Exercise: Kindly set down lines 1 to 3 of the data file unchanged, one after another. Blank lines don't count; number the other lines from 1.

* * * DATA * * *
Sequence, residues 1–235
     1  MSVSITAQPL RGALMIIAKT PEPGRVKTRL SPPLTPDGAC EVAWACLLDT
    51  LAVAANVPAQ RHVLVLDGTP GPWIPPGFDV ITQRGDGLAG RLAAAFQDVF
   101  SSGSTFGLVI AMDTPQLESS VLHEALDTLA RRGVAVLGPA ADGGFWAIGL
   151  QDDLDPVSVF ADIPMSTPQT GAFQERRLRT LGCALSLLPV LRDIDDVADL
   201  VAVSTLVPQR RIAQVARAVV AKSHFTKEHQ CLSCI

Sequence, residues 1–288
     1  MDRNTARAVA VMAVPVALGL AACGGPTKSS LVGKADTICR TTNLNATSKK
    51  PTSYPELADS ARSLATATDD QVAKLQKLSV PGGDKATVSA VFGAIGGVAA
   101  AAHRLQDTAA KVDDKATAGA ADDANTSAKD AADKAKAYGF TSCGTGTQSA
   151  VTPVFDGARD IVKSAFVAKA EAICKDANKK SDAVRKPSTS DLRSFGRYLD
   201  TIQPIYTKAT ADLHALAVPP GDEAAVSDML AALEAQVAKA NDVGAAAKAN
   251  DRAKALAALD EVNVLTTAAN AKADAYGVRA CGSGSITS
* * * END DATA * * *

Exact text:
Sequence, residues 1–235
     1  MSVSITAQPL RGALMIIAKT PEPGRVKTRL SPPLTPDGAC EVAWACLLDT
    51  LAVAANVPAQ RHVLVLDGTP GPWIPPGFDV ITQRGDGLAG RLAAAFQDVF